Francophonie and Ireland

 

A chara, – Ruadhán Mac Cormaic’s informative and thought-provoking article questions the appropriateness of this State’s representation in the union of countries where French is employed (“Ireland must give more than lip service to Francophonie”, Opinion & Analysis, November 3rd).

There may be additional reasons favouring such membership. Technically, French was spoken and written throughout parts of Ireland after the Norman invasion. It left a considerable mark on Irish, not least in the area of vocabulary. France was the destination of choice for emigrés from here during the 18th century, where they prospered in commerce, the military and politics. It is estimated that as many Irish Catholic clerics were educated in French centres during the years before 1789 as came out of Maynooth since 1795, if not indeed more. France was the country which most validated Irishness until the United States assumed that role after the Great Famine. Contemporary humanities researchers, to take but one field, remain indebted to ongoing world-class contributions in disciplines like ethnology, historiography and social psychology made by writers of French. These complement France’s better-known attractiveness to the likes of Joyce, Beckett and Ó Riada as regards their creative activities. Membership of the Francophone federation involved thus continues a tradition which, for us, has long been positive and non-exploitative. The openness at issue is a welcome counterbalance to other states’ withdrawal, either in the letter or in spirit, from largely beneficial multilateral arrangements, and their resulting isolation. Mac Cormaic rightly queries whether Global Ireland is prepared adequately for the linguistic challenges it faces in a changing environment, as regards French or other languages and their cultures. However, that matter raises topics relating to policy and its implementation which are broader than his account or, of necessity, the present reply to it. – Is mise,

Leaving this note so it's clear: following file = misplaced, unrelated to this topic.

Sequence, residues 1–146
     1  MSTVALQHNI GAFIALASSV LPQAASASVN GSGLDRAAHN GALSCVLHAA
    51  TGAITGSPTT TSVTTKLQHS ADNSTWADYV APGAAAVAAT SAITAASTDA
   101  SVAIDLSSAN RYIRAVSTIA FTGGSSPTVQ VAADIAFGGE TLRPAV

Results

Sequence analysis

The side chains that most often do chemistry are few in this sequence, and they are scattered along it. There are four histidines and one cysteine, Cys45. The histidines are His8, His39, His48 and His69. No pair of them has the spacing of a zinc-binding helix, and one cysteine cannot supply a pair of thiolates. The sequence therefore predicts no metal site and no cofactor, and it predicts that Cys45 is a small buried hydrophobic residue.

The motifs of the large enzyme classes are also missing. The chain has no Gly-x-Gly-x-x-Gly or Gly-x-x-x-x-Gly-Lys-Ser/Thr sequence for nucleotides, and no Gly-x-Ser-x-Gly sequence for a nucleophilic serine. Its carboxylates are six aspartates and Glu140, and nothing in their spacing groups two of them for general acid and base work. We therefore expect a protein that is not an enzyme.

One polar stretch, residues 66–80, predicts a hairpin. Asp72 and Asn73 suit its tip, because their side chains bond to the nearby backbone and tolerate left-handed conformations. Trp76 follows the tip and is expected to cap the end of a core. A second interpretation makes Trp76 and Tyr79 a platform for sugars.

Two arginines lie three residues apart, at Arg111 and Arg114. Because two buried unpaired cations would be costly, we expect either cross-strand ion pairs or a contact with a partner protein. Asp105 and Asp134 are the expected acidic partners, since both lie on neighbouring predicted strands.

Dr NEIL BUTTIMER,

Department of Modern Irish,

University College Cork.